What is the history, ethic and the type of bioremediation, and how was that method use to clean up the oil field of Kuwait.

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llltkl | College Teacher | (Level 3) Valedictorian

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Bioremediation, or the use of hydrocarbon degrading microbes to clean up oil pollution, is a technique that has been receiving increasing attention in recent years.

Bioremediation has been categorized into two types: in situ and ex situ.

In situ bioremediation is the application of biological treatment used to clean up the hazardous chemicals in the soil or surface or subsurface waters. This is a low cost method involving the use of renewable resources like microbes and inflicts minimal site damage, and can be applied consistently. This method, however, is time consuming, and vulnerable to environmental factors that are beyond human control.

Efficient in situ bioremediation is achieved through a number oftechniques that include: seeding the saturated zone with exogenous inoculum, biosparging, bioventing, biostimulation & bioaugmentation and phytoremediation.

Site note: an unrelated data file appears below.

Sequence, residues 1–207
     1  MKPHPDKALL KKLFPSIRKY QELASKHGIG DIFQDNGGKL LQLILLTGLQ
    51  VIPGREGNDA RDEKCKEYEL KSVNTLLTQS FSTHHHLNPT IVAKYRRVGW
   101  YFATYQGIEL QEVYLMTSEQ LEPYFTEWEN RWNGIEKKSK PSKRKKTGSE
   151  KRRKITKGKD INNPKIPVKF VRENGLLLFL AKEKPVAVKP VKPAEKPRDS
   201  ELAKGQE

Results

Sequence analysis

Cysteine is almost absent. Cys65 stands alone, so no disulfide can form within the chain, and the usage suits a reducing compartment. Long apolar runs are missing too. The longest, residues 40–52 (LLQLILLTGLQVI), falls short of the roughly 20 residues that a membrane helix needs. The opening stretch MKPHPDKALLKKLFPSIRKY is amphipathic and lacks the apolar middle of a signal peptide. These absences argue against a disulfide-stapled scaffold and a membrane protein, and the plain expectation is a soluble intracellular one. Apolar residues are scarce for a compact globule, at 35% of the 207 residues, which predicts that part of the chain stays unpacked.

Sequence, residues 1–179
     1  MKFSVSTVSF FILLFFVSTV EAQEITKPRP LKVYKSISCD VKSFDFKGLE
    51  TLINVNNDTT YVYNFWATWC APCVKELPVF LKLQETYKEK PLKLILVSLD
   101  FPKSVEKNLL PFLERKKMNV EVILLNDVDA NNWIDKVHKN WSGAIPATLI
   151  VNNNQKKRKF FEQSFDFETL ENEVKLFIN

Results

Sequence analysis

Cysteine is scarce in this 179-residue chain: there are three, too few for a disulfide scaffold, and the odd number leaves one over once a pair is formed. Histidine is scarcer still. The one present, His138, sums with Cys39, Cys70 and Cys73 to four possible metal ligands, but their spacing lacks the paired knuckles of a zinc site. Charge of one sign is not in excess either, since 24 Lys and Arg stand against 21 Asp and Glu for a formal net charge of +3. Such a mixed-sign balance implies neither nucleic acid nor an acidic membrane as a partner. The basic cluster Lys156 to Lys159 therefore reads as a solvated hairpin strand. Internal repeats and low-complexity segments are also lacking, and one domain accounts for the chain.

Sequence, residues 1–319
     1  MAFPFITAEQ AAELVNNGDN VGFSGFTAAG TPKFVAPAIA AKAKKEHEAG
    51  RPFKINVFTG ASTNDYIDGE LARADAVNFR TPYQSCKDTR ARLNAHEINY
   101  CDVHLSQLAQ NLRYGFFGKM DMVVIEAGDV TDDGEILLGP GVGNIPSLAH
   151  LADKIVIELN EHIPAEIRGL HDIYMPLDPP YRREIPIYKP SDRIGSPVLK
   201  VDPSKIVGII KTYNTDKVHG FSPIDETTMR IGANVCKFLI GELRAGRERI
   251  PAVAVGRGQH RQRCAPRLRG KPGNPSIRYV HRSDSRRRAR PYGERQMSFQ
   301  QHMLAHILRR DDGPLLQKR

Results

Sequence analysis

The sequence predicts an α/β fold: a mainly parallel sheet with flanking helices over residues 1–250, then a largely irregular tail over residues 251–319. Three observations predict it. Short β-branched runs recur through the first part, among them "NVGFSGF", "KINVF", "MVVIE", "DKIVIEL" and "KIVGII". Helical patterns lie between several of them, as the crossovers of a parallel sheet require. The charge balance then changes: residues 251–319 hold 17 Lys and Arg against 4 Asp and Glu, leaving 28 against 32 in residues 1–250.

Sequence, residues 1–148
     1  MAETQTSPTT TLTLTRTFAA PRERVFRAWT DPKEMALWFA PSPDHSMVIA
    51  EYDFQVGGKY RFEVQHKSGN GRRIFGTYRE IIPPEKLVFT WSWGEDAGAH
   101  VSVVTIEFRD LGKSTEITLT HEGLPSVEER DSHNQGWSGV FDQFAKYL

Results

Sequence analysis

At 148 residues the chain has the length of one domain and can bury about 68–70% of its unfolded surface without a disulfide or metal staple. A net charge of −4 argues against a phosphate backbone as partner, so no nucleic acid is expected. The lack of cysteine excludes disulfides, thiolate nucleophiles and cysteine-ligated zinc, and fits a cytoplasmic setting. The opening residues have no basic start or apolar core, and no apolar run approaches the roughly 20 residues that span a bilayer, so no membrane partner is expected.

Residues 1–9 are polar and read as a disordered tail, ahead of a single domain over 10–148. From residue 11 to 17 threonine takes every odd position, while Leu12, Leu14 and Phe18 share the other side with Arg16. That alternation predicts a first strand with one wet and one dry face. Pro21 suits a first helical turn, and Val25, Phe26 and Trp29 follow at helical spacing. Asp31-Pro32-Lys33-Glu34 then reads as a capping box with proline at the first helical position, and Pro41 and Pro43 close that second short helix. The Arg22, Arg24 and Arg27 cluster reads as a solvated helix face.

Ex situ bioremediation techniques require excavation of contaminated soil, or pumping of groundwater to facilitate microbial degradation and include methods such as landfarming, composting and formation of biopiles.

The gulf oil spill: In the aftermath of the Gulf crisis, enormous oil spill was encountered in the Bay of Gulf. Natural bioremediation of the oil spill at sea was achieved by naturally occurring oil degrading microorganisms. Artificial bioremediation of the oil spills was achieved by treating affected areas with cultures of oil degrading bacteria isolated from the populations that had developed naturally on the surface of the oil spills at sea and from the rhizospheres of desert  plants, including Rhodococcus, Cellulomonas, Bacillus and Arthrobactor.

Ethical issue: Bioremediation may offer a useful addition to the range of options available in oil spill response. However the use of bioremediation remains a controversial issue as there appear to be conflicting reports regarding its effectiveness and very little is known about bioremediation in tropical marine environments. Its use in pristine marine environments is a matter of particular concern as it may involve the addition of nutrients (phosphates and nitrates) to the environment.

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